2. LITTLE WOMEN TOOK JUST 10 WEEKS TO WRITE.


Frank T. Merrill, Public Domain, Courtesy of The Project Gutenberg

Alcott began writing the book in May 1868. She worked on it day and night, becoming so consumed with it that she sometimes forgot to eat or sleep. On July 15, she sent all 402 pages to her editor. In September, a mere four months after starting the book, Little Women was published. It became an instant best seller and turned Alcott into a rich and famous woman.

3. THE BOOK AS WE KNOW IT WAS ORIGINALLY PUBLISHED IN TWO PARTS.


Frank T. Merrill, Public Domain, Courtesy of The Project Gutenberg

The first half was published in 1868 as Little Women: Meg, Jo, Beth, and Amy. The Story Of Their Lives. A Girl’s Book. It ended with John Brooke proposing marriage to Meg. In 1869, Alcott published Good Wives, the second half of the book. It, too, only took a few months to write.

4. MEG, BETH, AND AMY WERE BASED ON ALCOTT'S SISTERS.


Frank T. Merrill, Public Domain, Courtesy of The Project Gutenberg

Meg was based on Louisa’s sister Anna, who fell in love with her husband John Bridge Pratt while performing opposite him in a play. The description of Meg’s wedding in the novel is supposedly based on Anna’s actual wedding.

Beth was based on Lizzie, who died from scarlet fever at age 23. Like Beth, Lizzie caught the illness from a poor family her mother was helping.

Amy was based on May (Amy is an anagram of May), an artist who lived in Europe. In fact, May—who died in childbirth at age 39—was the first woman to exhibit paintings in the Paris Salon.

Jo, of course, is based on Alcott herself.

5. LIKE THE MARCH FAMILY, THE ALCOTTS KNEW POVERTY.


Frank T. Merrill, Public Domain, Courtesy of The Project Gutenberg

Bronson Alcott’s philosophical ideals made it difficult for him to find employment—for example, as a socialist, he wouldn't work for wages—so the family survived on handouts from friends and neighbors. At times during Louisa’s childhood, there was nothing to eat but bread, water, and the occasional apple.

When she got older, Alcott worked as a paid companion and governess, like Jo does in the novel, and sold “sensation” stories to help pay the bills. She also took on menial jobs, working as a seamstress, a laundress, and a servant. Even as a child, Alcott wanted to help her family escape poverty, something Little Women made possible.

6. ALCOTT REFUSED TO HAVE JO MARRY LAURIE.


Frank T. Merrill, Public Domain, Courtesy of The Project Gutenberg

Alcott, who never married herself, wanted Jo to remain unmarried, too. But while she was working on the second half of Little Women, fans were clamoring for Jo to marry the boy next door, Laurie. “Girls write to ask who the little women marry, as if that was the only aim and end of a woman’s life," Alcott wrote in her journal. "I won’t marry Jo to Laurie to please anyone.”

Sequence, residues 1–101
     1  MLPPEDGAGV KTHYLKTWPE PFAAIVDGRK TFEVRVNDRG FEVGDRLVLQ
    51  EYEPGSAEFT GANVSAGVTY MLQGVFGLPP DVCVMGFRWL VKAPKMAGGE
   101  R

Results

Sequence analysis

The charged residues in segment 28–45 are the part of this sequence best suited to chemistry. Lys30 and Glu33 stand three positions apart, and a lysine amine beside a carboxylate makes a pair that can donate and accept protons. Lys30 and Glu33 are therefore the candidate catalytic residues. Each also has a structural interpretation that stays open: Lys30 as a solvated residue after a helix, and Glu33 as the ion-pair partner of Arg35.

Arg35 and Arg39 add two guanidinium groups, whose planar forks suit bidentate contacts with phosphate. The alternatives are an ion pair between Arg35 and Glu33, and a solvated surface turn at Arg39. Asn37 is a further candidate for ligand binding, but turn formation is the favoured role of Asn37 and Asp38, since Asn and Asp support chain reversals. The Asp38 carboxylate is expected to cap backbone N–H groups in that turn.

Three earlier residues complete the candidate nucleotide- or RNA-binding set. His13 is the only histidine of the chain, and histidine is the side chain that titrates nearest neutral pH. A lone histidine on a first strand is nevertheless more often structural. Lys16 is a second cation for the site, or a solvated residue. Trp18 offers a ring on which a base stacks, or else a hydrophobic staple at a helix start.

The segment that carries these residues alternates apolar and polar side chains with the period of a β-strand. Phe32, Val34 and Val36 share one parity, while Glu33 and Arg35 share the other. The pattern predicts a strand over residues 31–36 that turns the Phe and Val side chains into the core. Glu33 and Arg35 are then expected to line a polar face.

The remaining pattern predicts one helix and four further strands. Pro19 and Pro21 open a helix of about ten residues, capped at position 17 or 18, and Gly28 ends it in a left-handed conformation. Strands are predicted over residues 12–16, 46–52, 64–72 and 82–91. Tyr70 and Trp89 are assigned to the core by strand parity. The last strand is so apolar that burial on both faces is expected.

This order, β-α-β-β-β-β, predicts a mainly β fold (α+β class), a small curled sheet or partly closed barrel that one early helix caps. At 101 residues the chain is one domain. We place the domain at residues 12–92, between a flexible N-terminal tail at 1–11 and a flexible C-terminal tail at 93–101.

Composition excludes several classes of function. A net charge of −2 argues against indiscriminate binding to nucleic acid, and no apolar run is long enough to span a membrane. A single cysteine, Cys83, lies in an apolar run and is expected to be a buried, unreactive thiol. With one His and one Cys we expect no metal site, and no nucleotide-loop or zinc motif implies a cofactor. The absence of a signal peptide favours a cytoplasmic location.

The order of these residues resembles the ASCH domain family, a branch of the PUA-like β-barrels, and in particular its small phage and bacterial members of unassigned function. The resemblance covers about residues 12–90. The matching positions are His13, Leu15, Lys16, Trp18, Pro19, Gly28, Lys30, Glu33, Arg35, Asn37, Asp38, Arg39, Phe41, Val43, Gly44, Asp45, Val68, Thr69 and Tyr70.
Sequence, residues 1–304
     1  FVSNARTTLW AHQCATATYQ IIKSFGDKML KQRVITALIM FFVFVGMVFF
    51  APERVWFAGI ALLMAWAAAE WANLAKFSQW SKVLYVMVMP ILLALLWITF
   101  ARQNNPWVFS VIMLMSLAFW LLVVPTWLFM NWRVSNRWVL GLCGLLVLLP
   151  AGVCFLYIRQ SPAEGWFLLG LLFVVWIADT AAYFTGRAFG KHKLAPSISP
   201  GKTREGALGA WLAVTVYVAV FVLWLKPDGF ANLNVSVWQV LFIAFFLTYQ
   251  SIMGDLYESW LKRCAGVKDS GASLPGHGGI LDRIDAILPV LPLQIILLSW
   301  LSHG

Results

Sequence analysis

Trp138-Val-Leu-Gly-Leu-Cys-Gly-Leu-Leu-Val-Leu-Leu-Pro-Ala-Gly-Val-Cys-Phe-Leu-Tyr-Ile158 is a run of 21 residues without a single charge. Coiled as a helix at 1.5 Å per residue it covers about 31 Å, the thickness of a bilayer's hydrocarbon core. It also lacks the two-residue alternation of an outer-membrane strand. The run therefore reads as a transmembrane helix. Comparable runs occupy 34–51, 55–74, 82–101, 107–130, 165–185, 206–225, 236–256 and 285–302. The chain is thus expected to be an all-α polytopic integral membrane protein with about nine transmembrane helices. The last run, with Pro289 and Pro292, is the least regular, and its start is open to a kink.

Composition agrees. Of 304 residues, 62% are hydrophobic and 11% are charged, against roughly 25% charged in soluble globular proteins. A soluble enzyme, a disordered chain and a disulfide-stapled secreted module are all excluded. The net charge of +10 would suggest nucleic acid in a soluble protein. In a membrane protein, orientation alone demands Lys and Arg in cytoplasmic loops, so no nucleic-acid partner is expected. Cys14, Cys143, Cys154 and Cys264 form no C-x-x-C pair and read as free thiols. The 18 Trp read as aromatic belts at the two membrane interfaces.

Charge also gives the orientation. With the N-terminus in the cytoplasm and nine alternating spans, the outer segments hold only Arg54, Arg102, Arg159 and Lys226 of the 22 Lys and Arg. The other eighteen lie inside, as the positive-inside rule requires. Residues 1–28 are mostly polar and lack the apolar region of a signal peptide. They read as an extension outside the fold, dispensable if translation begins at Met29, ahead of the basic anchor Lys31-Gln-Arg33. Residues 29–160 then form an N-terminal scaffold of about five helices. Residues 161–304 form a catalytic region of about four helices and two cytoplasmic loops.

As a compromise—or to spite her fans—Alcott married Jo to the decidedly unromantic Professor Bhaer. Laurie ends up with Amy.

7. THERE ARE LOTS OF THEORIES ABOUT WHO LAURIE WAS BASED ON.


Frank T. Merrill, Public Domain, Courtesy of The Project Gutenberg

People have theorized Laurie was inspired by everyone from Thoreau to Nathaniel Hawthorne’s son Julian, but this doesn’t seem to be the case. In 1865, while in Europe, Alcott met a Polish musician named Ladislas Wisniewski, whom Alcott nicknamed Laddie. The flirtation between Laddie and Alcott culminated in them spending two weeks together in Paris, alone. According to biographer Harriet Reisen, Alcott later modeled Laurie after Laddie.

How far did the Alcott/Laddie affair go? It’s hard to say, as Alcott later crossed out the section of her diary referring to the romance. In the margin, she wrote, “couldn’t be.”

8. YOU CAN STILL VISIT ORCHARD HOUSE, WHERE ALCOTT WROTE LITTLE WOMEN.

Orchard House in Concord, Massachusetts was the Alcott family home. In 1868, Louisa reluctantly left her Boston apartment to write Little Women there. Today, you can tour this house and see May’s drawings on the walls, as well as the small writing desk that Bronson built for Louisa to use.

9. LITTLE WOMEN HAS BEEN ADAPTED A NUMBER OF TIMES.

In addition to a 1958 TV series, multiple Broadway plays, a musical, a ballet, and an opera, Little Women has been made into more than a half-dozen movies. The most famous are the 1933 version starring Katharine Hepburn, the 1949 version starring June Allyson (with Elizabeth Taylor as Amy), and the 1994 version starring Winona Ryder. Later this year, Clare Niederpruem's modern retelling of the story is scheduled to arrive in movie theaters. It's also been adapted for the small screen a number of times, most recently for PBS's Masterpiece, by Call the Midwife creator Heidi Thomas.

10. IN 1980, A JAPANESE ANIME VERSION OF LITTLE WOMEN WAS RELEASED.

In 1987, Japan made an anime version of Little Women that ran for 48 half-hour episodes. Watch the first two episodes above.

Additional Resources:
Louisa May Alcott: A Personal Biography; Louisa May Alcott: The Woman Behind Little Women; Louisa May Alcott's Journals; Little Women; Alcott Film; C-Span; LouisaMayAlcott.org.